“We’ve been doing outreach events over the past two years. The problem is there is a lot of misinformation out there now. We’ve heard there’s going to be a cure in the next three years,” he said. “We know it won’t come to fruition, but people want to believe it. Those are things we are in constant battle with.”
As the Game Commission moves forward, it must partner with the public, said Matthew Schnupp, wildlife management bureau director, during the working group meeting.
“We learned a lot this year. Everyone is well-aware of what went down with folks in the south central region and what we’ve gone through with the research project,” he said. “We had to recalibrate everything. Our path forward was not working. We had sent USDA out to knock on doors. We got some feedback that maybe we need Game Commission employees doing that.”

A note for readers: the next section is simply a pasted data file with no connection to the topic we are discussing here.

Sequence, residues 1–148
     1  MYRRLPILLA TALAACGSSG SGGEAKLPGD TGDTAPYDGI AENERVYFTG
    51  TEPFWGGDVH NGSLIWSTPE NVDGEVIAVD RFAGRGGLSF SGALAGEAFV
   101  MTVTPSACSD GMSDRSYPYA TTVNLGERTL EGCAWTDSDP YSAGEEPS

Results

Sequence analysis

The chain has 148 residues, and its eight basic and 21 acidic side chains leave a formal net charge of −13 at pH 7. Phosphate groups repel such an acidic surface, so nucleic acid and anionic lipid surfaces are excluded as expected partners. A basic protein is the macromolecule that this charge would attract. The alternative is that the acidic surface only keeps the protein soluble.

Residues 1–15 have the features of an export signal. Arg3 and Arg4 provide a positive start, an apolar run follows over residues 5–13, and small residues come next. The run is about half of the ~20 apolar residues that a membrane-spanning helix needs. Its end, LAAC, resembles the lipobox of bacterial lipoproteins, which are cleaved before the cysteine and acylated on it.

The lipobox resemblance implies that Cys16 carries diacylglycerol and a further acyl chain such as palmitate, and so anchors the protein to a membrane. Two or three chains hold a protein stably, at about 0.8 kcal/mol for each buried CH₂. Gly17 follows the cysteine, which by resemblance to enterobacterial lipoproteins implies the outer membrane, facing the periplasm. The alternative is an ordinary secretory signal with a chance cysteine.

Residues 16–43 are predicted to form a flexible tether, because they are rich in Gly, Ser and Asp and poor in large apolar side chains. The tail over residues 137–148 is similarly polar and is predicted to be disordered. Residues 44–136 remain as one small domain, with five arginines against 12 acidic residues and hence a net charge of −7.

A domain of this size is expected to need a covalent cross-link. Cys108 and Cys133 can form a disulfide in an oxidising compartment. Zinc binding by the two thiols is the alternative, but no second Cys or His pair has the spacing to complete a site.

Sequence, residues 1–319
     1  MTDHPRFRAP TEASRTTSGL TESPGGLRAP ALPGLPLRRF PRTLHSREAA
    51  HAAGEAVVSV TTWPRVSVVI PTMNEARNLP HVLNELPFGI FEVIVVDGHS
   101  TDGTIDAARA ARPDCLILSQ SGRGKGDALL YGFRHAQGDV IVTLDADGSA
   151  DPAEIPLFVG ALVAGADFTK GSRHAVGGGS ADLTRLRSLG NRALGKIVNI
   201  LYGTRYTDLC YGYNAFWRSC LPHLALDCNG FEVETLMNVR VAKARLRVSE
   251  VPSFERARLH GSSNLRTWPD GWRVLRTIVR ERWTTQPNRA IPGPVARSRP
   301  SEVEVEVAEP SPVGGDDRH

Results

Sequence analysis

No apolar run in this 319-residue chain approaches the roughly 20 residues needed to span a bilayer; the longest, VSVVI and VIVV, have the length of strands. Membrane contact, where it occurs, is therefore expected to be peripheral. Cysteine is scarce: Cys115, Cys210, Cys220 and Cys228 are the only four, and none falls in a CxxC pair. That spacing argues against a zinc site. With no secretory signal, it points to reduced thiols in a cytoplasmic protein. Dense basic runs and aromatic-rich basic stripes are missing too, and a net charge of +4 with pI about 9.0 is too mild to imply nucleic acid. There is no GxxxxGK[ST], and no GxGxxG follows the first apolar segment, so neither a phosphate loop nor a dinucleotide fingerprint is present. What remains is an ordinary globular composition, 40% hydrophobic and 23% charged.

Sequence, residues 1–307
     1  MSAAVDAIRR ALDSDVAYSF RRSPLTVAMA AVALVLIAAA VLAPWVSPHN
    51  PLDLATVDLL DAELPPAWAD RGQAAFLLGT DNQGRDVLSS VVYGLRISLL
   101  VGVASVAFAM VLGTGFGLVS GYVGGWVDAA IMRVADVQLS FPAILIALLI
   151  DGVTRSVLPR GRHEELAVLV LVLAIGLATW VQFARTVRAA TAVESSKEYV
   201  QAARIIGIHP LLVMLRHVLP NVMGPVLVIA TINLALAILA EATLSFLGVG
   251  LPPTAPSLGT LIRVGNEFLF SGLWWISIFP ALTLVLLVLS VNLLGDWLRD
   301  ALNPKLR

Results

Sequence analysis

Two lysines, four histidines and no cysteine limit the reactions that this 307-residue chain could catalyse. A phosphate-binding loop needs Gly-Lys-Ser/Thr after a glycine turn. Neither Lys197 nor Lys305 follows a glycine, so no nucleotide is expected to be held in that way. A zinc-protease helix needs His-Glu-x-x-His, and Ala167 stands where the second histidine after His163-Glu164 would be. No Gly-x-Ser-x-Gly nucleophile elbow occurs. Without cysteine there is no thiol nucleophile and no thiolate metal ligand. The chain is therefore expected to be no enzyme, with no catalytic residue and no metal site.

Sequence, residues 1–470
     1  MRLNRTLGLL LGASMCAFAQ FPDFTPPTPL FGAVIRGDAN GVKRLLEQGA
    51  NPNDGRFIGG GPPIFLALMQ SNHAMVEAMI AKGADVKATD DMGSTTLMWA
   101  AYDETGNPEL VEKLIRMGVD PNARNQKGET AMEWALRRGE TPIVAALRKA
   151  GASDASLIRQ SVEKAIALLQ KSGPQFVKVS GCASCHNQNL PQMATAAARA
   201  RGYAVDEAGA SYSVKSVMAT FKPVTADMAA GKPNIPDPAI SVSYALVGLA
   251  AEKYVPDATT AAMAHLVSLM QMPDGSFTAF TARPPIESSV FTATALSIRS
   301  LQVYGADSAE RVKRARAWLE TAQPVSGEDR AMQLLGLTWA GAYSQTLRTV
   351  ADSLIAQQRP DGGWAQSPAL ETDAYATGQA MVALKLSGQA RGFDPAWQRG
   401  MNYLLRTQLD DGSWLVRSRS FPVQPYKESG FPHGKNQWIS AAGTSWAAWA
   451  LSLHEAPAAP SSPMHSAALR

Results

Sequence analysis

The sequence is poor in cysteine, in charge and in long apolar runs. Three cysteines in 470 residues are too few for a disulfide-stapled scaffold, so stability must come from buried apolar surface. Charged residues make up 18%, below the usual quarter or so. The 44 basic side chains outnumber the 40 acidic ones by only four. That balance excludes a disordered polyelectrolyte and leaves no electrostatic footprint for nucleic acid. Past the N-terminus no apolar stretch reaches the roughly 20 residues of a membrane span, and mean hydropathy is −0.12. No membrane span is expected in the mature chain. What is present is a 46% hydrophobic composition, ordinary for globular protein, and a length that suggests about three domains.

Schnupp said there many things that the commission must do differently as it attempts to re-evaluate a plan to address CWD.
“One of the major things we are taking initiative to do is get input from other states and researchers and getting them involved to provide third-party criticism of what is successful across the nation and what is not successful,” Schnupp said.
He said the CWD working group is setting the table for a plan.
Schnupp said that plan might be no less aggressive or without a need for targeted removal, but the difference would be more public engagement.
“We want to engage the right partners — engage the NGOs, engage the public, engage other researchers at federal and state level — so that as we develop it and roll it out we do it with the right message and the right response.